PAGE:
September 18, 2008
Jennifer Nelson
In a case of first impression, the Indiana Court of Appeals agreed with the trial court that a husband gave his wife a car as a gift, despite registering the title in both his name and his wife's name.
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7th Circuit won't rehear in vitro caseRestricted Content

August 22, 2008
Michael Hoskins
The full 7th Circuit Court of Appeals won't rehear a case of first impression involving an Indiana woman's claim that she was wrongfully fired for taking time off for in vitro fertilization, and attorneys haven't decided whether to seek further review by the U.S. Supreme Court.
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Adult son could file paternity, support petition

August 21, 2008
Jennifer Nelson
A retroactive child support action brought by an adult child presented an issue of first impression for the Indiana Court of Appeals, which ruled the adult child could bring the action, but his mother would be the proper recipient of the retroactive payments.
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7th Circuit rules on multiplicitous convictionsRestricted Content

November 21, 2007
Jennifer Nelson
The 7th Circuit Court of Appeals encountered for the first time the issue of whether a single incident of firearm possession can support multiple convictions under United States Code when the defendant is included in more than one class of people who are disqualified under the statute from possessing firearms.
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  1. The sad thing is that no fish were thrown overboard The "greenhorn" who had never fished before those 5 days was interrogated for over 4 hours by 5 officers until his statement was illicited, "I don't want to go to prison....." The truth is that these fish were measured frozen off shore and thawed on shore. The FWC (state) officer did not know fish shrink, so the only reason that these fish could be bigger was a swap. There is no difference between a 19 1/2 fish or 19 3/4 fish, short fish is short fish, the ticket was written. In addition the FWC officer testified at trial, he does not measure fish in accordance with federal law. There was a document prepared by the FWC expert that said yes, fish shrink and if these had been measured correctly they averaged over 20 inches (offshore frozen). This was a smoke and mirror prosecution.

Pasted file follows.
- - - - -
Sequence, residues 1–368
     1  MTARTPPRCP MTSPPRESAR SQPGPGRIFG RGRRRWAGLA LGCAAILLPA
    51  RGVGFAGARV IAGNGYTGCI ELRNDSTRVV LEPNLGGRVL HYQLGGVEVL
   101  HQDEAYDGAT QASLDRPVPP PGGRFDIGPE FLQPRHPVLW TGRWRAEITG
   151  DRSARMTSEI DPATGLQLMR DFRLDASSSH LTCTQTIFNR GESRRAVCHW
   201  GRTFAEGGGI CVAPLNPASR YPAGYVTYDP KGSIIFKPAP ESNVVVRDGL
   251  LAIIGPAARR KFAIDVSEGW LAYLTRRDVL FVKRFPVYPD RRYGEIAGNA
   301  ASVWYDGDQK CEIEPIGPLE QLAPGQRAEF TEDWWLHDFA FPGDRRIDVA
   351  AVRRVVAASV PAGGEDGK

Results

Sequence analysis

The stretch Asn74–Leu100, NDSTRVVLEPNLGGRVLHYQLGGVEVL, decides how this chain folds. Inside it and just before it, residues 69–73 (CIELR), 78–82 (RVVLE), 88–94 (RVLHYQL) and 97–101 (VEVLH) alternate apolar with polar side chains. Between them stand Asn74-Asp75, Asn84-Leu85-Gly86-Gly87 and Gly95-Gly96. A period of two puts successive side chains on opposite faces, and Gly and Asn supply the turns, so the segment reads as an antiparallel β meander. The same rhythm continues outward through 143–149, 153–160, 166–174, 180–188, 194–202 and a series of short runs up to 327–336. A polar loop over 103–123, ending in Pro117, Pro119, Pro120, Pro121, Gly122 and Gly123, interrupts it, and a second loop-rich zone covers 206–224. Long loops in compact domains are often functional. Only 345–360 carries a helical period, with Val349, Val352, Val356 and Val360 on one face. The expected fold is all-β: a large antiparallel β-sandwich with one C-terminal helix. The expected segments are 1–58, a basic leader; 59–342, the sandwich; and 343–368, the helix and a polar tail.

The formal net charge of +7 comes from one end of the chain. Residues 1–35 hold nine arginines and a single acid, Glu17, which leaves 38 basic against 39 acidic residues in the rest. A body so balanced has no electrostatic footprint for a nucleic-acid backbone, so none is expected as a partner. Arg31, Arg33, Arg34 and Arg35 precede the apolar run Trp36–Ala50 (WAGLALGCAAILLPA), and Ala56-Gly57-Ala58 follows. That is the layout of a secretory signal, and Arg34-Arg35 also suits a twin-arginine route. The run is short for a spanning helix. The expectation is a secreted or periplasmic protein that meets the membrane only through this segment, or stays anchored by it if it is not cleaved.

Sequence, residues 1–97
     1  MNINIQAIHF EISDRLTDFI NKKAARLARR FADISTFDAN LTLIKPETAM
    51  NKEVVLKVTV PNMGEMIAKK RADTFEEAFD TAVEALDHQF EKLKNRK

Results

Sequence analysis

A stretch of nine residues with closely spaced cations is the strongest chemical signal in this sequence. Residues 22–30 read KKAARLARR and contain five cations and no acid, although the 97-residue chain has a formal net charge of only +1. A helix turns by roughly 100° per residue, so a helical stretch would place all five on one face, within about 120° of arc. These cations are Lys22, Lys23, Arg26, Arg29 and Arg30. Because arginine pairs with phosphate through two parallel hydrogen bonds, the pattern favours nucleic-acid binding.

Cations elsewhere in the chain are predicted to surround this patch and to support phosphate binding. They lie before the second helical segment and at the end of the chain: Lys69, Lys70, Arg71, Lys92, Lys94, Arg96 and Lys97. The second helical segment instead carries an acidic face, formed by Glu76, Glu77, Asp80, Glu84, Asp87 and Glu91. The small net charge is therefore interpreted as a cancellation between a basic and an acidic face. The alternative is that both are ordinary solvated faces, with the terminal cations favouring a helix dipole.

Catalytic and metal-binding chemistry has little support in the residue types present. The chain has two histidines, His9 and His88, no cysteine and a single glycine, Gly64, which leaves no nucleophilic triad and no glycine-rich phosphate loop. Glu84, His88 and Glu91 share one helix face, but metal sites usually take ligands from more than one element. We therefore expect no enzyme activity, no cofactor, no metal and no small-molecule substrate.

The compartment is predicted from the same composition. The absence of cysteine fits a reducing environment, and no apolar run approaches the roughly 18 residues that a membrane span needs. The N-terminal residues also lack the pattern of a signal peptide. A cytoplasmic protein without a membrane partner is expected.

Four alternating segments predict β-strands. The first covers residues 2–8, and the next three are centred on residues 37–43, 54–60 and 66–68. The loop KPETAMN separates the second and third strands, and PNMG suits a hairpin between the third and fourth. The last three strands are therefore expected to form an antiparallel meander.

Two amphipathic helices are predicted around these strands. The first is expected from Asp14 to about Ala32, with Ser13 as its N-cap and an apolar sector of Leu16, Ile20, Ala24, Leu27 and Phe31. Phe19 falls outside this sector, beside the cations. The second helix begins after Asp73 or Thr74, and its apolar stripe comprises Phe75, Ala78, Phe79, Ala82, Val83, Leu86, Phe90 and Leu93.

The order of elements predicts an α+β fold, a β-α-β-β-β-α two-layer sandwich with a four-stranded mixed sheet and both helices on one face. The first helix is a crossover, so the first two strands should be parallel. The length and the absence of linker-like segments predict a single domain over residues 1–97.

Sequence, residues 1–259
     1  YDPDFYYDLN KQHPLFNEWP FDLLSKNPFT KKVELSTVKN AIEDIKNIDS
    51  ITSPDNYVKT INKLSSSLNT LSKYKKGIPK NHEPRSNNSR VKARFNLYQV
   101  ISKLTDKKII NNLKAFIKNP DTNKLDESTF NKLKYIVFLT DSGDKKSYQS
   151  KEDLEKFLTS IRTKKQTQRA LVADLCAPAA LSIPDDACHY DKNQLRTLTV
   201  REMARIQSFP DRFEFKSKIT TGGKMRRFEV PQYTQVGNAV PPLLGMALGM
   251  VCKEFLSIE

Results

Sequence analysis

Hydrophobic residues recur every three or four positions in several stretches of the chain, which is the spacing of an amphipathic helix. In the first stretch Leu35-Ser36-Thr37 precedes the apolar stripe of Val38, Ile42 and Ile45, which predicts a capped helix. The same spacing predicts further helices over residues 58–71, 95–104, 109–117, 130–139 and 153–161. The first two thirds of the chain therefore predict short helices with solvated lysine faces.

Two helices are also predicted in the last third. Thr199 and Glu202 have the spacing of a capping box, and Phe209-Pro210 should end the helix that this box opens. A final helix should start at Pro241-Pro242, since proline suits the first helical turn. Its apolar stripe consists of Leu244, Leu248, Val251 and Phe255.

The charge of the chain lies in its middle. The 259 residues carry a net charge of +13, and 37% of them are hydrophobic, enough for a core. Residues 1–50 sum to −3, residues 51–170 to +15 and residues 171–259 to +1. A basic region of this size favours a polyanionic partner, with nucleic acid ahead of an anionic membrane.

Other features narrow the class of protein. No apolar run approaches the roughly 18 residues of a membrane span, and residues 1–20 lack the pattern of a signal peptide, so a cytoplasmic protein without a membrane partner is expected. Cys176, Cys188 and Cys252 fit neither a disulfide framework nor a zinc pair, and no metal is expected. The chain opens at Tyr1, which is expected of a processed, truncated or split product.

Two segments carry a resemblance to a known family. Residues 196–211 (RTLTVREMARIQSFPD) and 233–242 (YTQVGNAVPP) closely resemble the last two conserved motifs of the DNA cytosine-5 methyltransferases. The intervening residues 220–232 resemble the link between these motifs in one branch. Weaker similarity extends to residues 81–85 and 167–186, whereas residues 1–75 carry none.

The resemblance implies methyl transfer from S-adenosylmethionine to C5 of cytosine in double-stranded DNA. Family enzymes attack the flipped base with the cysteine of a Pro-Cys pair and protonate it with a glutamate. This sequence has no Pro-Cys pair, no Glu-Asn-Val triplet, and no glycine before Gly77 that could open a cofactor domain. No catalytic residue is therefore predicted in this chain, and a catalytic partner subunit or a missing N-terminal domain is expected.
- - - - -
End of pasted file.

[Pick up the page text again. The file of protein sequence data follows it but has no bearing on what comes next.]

2. I love this, Dave! Many congrats to you! We've come a long way from studying for the bar together! :)

  3. This outbreak illustrates the absurdity of the extreme positions taken by today's liberalism, specifically individualism and the modern cult of endless personal "freedom." Ebola reminds us that at some point the person's own "freedom" to do this and that comes into contact with the needs of the common good and "freedom" must be curtailed. This is not rocket science, except, today there is nonstop propaganda elevating individual preferences over the common good, so some pundits have a hard time fathoming the obvious necessity of quarantine in some situations....or even NATIONAL BORDERS...propagandists have also amazingly used this as another chance to accuse Western nations of "racism" which is preposterous and offensive. So one the one hand the idolatry of individualism has to stop and on the other hand facts people don't like that intersect with race-- remain facts nonetheless. People who respond to facts over propaganda do better in the long run. We call it Truth. Sometimes it seems hard to find.

  4. It would be hard not to feel the Kramers' anguish. But Catholic Charities, by definition, performed due diligence and held to the statutory standard of care. No good can come from punishing them for doing their duty. Should Indiana wish to change its laws regarding adoption agreements and or putative fathers, the place for that is the legislature and can only apply to future cases. We do not apply new laws to past actions, as the Kramers seem intent on doing, to no helpful end.

  5. I am saddened to hear about the loss of Zeff Weiss. He was an outstanding member of the Indianapolis legal community. My thoughts are with his family.